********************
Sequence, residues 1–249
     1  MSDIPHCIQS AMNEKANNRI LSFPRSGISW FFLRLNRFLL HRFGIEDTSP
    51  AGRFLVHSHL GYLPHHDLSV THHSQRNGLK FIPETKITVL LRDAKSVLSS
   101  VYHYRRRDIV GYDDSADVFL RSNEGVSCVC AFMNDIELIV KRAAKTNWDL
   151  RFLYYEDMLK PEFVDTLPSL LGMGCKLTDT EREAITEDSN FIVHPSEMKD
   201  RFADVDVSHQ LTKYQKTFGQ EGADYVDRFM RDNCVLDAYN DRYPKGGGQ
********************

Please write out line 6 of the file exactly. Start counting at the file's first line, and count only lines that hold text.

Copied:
   201  RFADVDVSHQ LTKYQKTFGQ EGADYVDRFM RDNCVLDAYN DRYPKGGGQ